Intel's LaGrande trusted platform steers away from DRM

San Francisco (CA) - Intel's next-generation Conroe, Merom, and Woodcrest processors are likely to feature optional components for supporting the Trusted Computing Group's TPM 1.2 specification. To that end, Intel announced today at IDF, the company's LaGrande Technology (LT) specification has been finalized, and was officially published by Intel this morning.

Up until recently, LT has been mentioned in the same breath as Microsoft's Next Generation Secure Computing Base, formerly code-named "Palladium" or its chemical element symbol, "Pd," for short. But a first read of Intel's new LaGrande specifications may thoroughly surprise those who had been foreseeing a kind of digital rights management lockdown technology being built into future CPUs. This morning's documents clearly specify LT as a systems protection platform, using virtualization technology coupled with cryptographic hashing as a way of assuring platform safety, especially to other components that require assurances that a system is indeed what it claims to be.

While conceivably, a system based on Intel's LT may be leveraged by DRM components in order to ensure that, for instance, components in a home theatre system are indeed what they claim to be and not surreptitious recording devices, LT's basic premise is to be able to assure other components in a system or network that the integrity of an active element, such as the operating environment of a CPU, have not been compromised.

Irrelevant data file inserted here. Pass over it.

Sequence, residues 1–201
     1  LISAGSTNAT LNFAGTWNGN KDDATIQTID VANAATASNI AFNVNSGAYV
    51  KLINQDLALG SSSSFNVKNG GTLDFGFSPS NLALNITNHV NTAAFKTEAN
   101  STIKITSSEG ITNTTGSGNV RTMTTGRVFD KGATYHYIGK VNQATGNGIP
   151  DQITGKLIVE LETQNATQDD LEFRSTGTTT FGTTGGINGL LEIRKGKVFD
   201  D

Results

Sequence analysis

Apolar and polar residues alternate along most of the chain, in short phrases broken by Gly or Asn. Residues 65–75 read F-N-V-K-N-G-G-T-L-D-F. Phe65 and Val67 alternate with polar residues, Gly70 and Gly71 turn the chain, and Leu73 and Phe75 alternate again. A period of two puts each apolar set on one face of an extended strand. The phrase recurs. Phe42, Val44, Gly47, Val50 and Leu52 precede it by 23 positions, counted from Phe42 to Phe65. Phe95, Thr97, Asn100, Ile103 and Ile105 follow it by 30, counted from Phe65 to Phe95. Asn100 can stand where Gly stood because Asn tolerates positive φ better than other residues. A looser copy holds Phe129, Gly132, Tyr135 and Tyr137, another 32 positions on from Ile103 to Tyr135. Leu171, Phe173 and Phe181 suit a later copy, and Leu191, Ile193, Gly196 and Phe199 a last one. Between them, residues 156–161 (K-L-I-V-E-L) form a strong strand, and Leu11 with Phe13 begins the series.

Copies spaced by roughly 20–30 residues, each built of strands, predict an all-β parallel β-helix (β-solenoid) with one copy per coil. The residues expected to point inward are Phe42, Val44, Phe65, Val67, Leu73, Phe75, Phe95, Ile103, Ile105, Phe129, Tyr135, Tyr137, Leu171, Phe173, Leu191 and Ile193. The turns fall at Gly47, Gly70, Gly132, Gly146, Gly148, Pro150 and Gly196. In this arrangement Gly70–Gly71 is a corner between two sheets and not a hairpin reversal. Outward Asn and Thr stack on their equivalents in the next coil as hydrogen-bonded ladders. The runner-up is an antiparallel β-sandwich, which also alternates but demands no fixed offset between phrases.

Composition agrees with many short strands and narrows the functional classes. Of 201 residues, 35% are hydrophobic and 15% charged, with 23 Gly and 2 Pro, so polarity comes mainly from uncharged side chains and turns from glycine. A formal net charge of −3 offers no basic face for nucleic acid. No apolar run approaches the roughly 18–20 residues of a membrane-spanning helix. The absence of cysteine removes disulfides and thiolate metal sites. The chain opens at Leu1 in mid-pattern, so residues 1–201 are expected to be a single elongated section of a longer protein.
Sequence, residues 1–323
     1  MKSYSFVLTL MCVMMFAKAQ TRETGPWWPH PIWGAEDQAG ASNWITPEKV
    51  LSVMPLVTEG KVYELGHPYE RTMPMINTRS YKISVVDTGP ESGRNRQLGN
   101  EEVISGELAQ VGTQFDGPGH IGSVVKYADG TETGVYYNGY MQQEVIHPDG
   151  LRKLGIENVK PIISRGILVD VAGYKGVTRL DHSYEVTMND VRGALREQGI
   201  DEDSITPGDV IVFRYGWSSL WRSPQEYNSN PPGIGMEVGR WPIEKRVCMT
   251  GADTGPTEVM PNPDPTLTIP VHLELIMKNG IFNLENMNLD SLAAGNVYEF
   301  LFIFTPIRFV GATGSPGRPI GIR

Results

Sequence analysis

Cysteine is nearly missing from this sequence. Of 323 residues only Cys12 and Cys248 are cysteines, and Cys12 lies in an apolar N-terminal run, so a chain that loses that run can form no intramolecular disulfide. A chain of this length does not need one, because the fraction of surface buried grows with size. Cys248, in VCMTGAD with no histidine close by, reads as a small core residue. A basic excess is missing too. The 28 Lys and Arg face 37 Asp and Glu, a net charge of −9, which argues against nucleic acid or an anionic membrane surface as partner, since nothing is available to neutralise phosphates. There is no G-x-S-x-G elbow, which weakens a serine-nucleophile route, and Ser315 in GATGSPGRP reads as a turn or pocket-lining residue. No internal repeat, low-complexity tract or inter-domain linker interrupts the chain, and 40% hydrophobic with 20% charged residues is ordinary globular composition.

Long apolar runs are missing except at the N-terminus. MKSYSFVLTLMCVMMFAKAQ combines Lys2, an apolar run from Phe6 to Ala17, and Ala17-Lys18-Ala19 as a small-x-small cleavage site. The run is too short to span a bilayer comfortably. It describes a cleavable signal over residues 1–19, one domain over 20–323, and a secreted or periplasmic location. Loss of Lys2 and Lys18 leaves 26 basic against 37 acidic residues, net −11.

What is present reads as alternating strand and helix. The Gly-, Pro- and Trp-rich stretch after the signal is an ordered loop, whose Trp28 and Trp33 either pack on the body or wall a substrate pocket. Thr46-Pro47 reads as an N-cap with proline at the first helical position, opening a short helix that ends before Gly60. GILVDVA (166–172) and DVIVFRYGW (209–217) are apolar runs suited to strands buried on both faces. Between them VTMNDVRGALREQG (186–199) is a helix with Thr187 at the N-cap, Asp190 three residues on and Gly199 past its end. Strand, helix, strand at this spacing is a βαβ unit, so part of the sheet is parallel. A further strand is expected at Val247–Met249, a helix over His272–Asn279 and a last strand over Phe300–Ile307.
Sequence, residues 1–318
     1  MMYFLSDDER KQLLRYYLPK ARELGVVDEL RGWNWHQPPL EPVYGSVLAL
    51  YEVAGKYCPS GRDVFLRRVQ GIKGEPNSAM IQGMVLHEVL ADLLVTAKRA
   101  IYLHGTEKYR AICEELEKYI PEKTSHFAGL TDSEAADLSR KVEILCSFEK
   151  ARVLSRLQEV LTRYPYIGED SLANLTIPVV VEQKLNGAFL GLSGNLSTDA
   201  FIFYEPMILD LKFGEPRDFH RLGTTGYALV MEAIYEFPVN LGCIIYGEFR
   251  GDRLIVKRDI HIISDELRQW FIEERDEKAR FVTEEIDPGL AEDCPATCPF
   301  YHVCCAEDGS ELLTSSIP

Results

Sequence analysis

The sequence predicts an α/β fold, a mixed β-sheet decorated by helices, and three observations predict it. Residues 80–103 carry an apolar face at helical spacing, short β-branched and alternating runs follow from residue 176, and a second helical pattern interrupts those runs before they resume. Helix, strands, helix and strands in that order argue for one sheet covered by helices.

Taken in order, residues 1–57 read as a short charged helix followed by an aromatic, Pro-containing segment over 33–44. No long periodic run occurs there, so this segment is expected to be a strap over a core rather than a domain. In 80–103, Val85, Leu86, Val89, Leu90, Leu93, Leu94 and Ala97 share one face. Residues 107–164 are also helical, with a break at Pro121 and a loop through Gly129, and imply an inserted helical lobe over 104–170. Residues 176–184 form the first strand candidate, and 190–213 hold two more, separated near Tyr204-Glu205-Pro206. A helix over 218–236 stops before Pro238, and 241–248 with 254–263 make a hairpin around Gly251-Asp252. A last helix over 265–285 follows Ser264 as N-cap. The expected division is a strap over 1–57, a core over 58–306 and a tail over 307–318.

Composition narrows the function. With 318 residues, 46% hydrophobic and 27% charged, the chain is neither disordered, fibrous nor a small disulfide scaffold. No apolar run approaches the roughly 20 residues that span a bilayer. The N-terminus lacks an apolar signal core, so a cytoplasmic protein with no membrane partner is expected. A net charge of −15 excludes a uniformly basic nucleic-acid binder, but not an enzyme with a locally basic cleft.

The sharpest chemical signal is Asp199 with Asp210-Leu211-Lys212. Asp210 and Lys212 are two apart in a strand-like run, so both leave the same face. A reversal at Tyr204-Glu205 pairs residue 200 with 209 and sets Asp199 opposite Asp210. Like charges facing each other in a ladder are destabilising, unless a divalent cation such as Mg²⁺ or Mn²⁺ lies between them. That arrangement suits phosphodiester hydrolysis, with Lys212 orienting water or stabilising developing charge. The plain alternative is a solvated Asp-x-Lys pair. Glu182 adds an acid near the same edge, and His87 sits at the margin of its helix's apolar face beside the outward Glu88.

The big surprise is how LT classifies the operating system, the component which Microsoft had previously described as nothing short of the cornerstone of any rights protection system. According to Intel's documents released today, LT enables a BIOS to launch a new class of control program for a computer, called a virtual machine monitor (VMM). This new class runs the principal operating environment within the CPU, taking over from the operating system. The OS, whose job is to run applications and to present the user with a front end, becomes sublimated. "An OS executing in a virtual machine," reads Intel's LT specification, "operates with reduced privilege because the VMM retains control of processor and platform resources."

While Intel and Microsoft did announce a joint venture today on virtualization technology, this is not at all the area that their venture covers. Under the LT scheme, all operating systems plus the software run by them, including DRM software, would run in a world of reduced privilege, separated from the physical world by an impenetrable boundary of virtualization. The OS would literally "think" it's being run on a completely separate machine.

The way LT will work, the VMM will provide a partitioned environment in system memory, where the virtual system will run. But because the VMM is completely made of software, its core image - the part of itself that represents the hardware it virtualizes - is comprised of code. This code can be continually evaluated, or "measured" using a cryptographic hash table, to determine that its contents are precisely the same as with prior measurements. If a single bit has been changed, the integrity of the entire system is compromised; at which point, the VMM takes over and decides what it wants to do, which could mean a system shutdown for safety's sake.